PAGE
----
His 11th last time out to Finau at the 3M was proof his game remains rock-solid.

Don’t rule out a total Korean carry-out with Sungjae Im and impressive new kid on the block Joohyung Kim backing up Si Woo. Im was in the top ten in 2019 and 2020 while 20-year-old Joohyung (hereafter to be known by his nickname Tom) showed emphatically he can handle Ross courses when shooting 63 for seventh place at the Rocket Mortgage in Detroit on Sunday.

Coming so soon after his third place at the Scottish Open, this solidly-built youngster is clearly a prospect LIV will be keen to lure.

Ryder Cup aces Lowry and Tyrrell Hatton could give Europe a winner while Canadian Corey Conners is a big player at his best and the revived Scott Stallings put in another good shift last week. But I prefer to go with the course specialists.

Into that category you can add Kisner. First and third the last two years but disappointing when fancied last week, another past champion in tidy lefty Harman, regular contender Russell Henley (who led after 54 last year and blew it on the back nine) and Adam Scott (who missed a four-footer for the win at the first extra hole).

Henley advertised his chance with a solid top-ten on Sunday and provided he can put last year’s meltdown to the back of his mind, he should again contend on what looks like being a hot, thundery week.


2.5pts each-way Eddie Pepperell @ 28/1
1pt each-way Thorbjorn Olesen @ 22/1
1pt each-way Callum Shinkwin @ 20/1
1pt each-way Wilco Nienaber @ 40/1
0.5pt each-way Jens Dantorp @ 33/1

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After that sensational Sunday when the Lionesses won our hearts with their footballing brilliance and gave couch potatoes one more excuse (but a great one) not to leave their sofas, it’s only right that the golf spotlight shines on the women this week with the best in the world descending on Muirfield for the final 2022 Major on any tour.

While the big cats of the women’s game sort out the next AIG (British) Open champion on the famous links where Sir Nick Faldo won two Claret Jugs, the DP World Tour rank-and-file are down in Wales for the feeble Cazoo Open on Celtic Manor’s TwentyTen course (so-named as it was built for the 2010 Ryder Cup) near Newport.

There have been weak fields on the European scene this year but this may trump the lot. The favourite, Jordan Smith, has won only once and that was five years ago; the second favourite, Thomas Detry, looks a million dollars but hasn’t won at all; the third favourite, Callum Shinkwin, in 150 tournaments has finished in the first three in just three of them.

So why, having seen how wondrously entertaining top-level women’s football can be, would anyone want to watch the also-rans in Wales when at the flick of a button you can watch the creme de la creme of the women’s game in Scotland?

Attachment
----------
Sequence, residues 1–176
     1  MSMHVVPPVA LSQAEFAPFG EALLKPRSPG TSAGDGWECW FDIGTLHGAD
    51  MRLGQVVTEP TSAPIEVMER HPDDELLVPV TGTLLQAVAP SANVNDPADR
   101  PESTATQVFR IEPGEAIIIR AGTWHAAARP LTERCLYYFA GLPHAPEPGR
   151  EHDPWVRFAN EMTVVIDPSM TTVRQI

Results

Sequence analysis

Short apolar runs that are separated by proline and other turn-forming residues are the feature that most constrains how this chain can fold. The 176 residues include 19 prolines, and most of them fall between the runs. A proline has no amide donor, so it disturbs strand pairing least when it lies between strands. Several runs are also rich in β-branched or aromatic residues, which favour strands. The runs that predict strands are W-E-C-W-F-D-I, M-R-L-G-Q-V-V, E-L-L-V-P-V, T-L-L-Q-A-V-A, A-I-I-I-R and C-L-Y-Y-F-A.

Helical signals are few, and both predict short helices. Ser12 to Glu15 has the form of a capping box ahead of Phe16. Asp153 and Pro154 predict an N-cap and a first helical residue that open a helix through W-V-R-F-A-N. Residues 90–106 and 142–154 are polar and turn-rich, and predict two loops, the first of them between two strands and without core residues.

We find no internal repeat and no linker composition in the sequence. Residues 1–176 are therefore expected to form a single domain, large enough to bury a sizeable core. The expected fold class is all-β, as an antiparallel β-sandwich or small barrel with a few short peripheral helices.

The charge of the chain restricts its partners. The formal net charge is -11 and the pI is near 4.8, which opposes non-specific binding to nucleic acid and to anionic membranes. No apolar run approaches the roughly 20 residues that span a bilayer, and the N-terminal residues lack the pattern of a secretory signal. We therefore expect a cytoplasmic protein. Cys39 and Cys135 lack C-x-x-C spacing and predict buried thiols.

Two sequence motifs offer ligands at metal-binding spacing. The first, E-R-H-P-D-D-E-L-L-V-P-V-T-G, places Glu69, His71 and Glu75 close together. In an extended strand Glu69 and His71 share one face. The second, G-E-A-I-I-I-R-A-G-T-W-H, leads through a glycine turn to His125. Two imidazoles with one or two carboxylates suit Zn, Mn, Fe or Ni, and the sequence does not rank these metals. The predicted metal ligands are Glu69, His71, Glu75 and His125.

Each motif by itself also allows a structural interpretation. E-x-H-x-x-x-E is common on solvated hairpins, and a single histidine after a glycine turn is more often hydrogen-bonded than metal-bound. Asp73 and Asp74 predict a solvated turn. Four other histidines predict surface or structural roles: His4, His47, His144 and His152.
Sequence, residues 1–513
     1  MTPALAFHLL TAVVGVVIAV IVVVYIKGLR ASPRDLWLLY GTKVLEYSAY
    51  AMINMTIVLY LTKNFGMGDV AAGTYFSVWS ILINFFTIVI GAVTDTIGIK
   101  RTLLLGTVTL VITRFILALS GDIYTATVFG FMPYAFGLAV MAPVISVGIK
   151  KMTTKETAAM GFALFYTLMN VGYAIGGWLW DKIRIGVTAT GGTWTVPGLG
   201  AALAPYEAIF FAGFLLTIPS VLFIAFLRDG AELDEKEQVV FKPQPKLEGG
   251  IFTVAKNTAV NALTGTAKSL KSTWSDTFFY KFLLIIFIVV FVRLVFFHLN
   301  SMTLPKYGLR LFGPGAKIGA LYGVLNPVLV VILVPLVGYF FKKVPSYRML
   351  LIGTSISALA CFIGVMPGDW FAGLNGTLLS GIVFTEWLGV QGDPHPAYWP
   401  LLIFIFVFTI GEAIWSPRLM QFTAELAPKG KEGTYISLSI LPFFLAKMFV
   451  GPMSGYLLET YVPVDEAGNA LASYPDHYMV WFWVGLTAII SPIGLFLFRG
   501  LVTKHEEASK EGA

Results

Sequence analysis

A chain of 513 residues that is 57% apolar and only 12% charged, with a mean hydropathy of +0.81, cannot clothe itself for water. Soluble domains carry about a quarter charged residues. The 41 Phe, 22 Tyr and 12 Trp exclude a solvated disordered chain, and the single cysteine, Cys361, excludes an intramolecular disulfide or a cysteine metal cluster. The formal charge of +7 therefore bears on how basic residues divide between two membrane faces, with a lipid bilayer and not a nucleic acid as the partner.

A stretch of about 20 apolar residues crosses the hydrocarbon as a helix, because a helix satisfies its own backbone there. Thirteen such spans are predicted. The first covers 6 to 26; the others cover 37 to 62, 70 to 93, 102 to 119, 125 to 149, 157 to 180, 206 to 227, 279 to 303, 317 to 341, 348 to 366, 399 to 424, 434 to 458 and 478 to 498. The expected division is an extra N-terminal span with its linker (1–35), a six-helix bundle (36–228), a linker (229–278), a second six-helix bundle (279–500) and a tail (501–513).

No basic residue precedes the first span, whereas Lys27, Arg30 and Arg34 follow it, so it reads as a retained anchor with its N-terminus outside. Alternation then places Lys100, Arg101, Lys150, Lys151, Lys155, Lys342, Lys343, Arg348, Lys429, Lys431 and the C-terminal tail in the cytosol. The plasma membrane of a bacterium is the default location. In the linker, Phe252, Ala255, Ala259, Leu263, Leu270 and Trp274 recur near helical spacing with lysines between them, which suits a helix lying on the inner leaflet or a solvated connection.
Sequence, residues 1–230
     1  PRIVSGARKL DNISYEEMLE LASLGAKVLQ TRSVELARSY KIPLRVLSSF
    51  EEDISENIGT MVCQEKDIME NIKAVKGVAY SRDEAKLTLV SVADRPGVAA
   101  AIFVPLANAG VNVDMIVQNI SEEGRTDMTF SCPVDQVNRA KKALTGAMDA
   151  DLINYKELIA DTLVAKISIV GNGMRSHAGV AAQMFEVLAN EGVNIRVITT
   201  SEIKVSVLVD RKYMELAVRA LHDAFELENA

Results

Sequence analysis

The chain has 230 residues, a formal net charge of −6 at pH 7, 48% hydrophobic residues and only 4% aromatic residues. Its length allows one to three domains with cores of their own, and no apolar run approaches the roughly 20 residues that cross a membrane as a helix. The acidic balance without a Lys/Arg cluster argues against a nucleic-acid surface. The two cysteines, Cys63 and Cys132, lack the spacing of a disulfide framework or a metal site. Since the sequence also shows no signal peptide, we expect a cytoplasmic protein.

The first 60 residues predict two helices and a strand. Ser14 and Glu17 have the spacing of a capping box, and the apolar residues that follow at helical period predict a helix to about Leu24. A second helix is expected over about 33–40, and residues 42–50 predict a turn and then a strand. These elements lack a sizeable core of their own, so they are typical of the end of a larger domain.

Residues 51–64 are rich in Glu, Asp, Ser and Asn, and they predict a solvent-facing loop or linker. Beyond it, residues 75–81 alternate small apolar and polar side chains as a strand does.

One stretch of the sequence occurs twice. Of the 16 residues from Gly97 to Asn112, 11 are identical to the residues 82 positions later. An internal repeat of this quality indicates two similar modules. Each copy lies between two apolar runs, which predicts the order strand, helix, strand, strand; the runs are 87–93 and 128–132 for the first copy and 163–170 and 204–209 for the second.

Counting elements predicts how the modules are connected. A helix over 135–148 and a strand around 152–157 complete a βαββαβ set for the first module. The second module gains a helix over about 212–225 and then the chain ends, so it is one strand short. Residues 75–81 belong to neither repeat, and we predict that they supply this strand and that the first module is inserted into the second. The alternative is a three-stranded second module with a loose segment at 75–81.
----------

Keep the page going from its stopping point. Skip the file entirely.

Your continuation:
To see little Akara Furue go round in 62 to win the Scottish Open on Sunday was to witness something close to perfection. Will there be something as eyecatching at Celtic Manor? If so, I’m hoping Eddie Pepperell will be providing it.

Pepperell, tipped here last week at 66/1, played some gorgeous golf in his 65 on Sunday to get within a shot of first-time winner Sean Crocker in the Hero Open and is confidently predicted to turn the tables on the American.

The Englishman has been through tough times since bursting into prominence and even Ryder Cup consideration with two victories in 2018 but now appears to have found a swing he can trust under pressure. “I haven’t been in that position for a long time and tried to remember how I was when I used to think I was the best player there, and it was a relief to proved to myself I still had it in me,” he said later and who knows what this deep-thinking, intelligent golfer can now achieve?

There has to be more to come but whether it will be this week on the 7503-yard par 71 TwentyTen course where big hitters Nacho Elvira and Romain Langasque have won in past years is another matter. But the golf he played was the Pepperell of old, only better. And it was no one-off as it followed an encouraging 11th the previous week.

We do know that bombers go well on a course with three par fives over 600 yards (and unusually five short holes) and that’s where Shinkwin and one of the longest driver in the world, young South African Wilco Nienaber, come in.

Shinkwin is course-proven, having placed fourth in last year’s Welsh Open and eighth there when Celtic Manor came to the rescue with back-to-back tournaments during the Covid crisis. Crusher Callum’s current form is tasty too – seventh in Scotland on Sunday following 16th at Hillside.

Nienaber, still learning at 22, makes costly mistakes and is still to win in Europe but got off the mark on his home circuit in last year’s Dimension Data and looked a winner waiting to happen when chasing home the leaders at Fairmont St Andrews at the weekend. This course should be even more in his wheelhouse.

Thorbjorn Olesen, Hurly Long and Jens Dantorp complete the staking plan. British Masters champion Olesen has already had a nibble of the Cazoo cash when sharing 11th with Pepperell at Hillside last time out; Long keeps impressing on either side of the Atlantic and this German will soon be losing his maiden tag; Dantorp is going for three good weeks in a row following eighth at Hillside and fifth at Fairmont.